Site of NHRA Fall Nationals making safety changes

Updated: August 27, 2008, 11:37 AM ET
Associated Press

Texas Motorplex, the site of next month's NHRA Fall Nationals, is in the midst of several new safety initiatives, including extending the run-off area beyond the finish line.

The changes come in the wake of the fiery crash in June at Englishtown, N.J., in which drag racer Scott Kalitta was killed.

"Even though we have one of the longest tracks and sand trap areas in the sport, we decided after the Scott Kalitta accident that we should extend our safety area as much as possible just because you never know," said Billy Meyer, owner and president of the Texas track.

"Right now, our sand trap is about the length of a football field, and we are extending it so it will be three times as long," he added. "The walls are going to not only be taller than the height on the track, but the walls also are going to continue to narrow down to be able to funnel a car into a safe zone eliminating the chance that a car hits anything."

Meyer, a former drag racer, said Kalitta's accident taught everyone in drag racing a lesson.

"Even though we have not had a runaway car in a long, long time in this sport, it can happen," he said. "There is no reason to spare any expense if it can spare another racer's life. Even if the chances are one in a million that it could happen again, we can't take that chance."

John Force, who broke both legs and also damaged both his arms and hands in a 300-mph crash with Kenny Bernstein at Texas Motorplex in 2007, consulted with Meyer on the changes.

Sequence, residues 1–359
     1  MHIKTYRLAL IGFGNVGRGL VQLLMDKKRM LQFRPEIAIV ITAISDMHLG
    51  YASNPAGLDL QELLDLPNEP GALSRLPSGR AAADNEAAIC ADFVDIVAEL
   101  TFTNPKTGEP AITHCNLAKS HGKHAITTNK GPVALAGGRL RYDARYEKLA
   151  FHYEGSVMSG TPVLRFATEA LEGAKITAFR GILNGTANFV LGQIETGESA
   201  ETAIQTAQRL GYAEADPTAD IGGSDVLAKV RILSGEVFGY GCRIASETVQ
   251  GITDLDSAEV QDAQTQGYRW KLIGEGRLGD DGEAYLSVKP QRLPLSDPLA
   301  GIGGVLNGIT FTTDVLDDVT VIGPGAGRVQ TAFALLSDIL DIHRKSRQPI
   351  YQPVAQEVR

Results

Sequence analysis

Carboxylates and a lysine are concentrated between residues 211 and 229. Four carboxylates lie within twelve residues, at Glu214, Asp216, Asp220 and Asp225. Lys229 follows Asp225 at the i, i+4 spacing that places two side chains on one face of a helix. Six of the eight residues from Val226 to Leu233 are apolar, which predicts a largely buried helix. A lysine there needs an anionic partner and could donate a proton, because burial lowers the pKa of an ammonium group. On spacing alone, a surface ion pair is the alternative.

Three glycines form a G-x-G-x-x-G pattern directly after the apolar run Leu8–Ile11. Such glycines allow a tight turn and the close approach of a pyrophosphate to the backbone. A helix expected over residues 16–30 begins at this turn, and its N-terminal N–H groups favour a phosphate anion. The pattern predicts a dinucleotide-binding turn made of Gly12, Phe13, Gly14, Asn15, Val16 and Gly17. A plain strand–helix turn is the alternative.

"NHRA is aggressively working on safety improvements, but I've also been talking to Force about some of the things we can do to increase safety at the track," Meyer said. "Force's team has been at the forefront of the quest to make the sport more safe. I spent a lot of time racing cars in my life and I know that we always need to be working on improvements."

Force, a 14-time Funny Car champion, and his Force Racing Team started The Eric Medlen Project after Medlen, who drove for him, was killed in March 2007 in a testing accident in Gainesville, Fla. The project's aim is to enhance race car safety in all forms of motorsports through heightened research and development.

"I'm excited Billy Meyer is making additional safety improvements to the Texas Motorplex," Force said. "As a former Funny Car driver, Billy has always wanted what is best for the racers. He has always been an innovator and I think the changes he is making to his track, especially the longer sand pit, will give drivers a better chance to avoid serious injuries."


Copyright 2008 by The Associated Press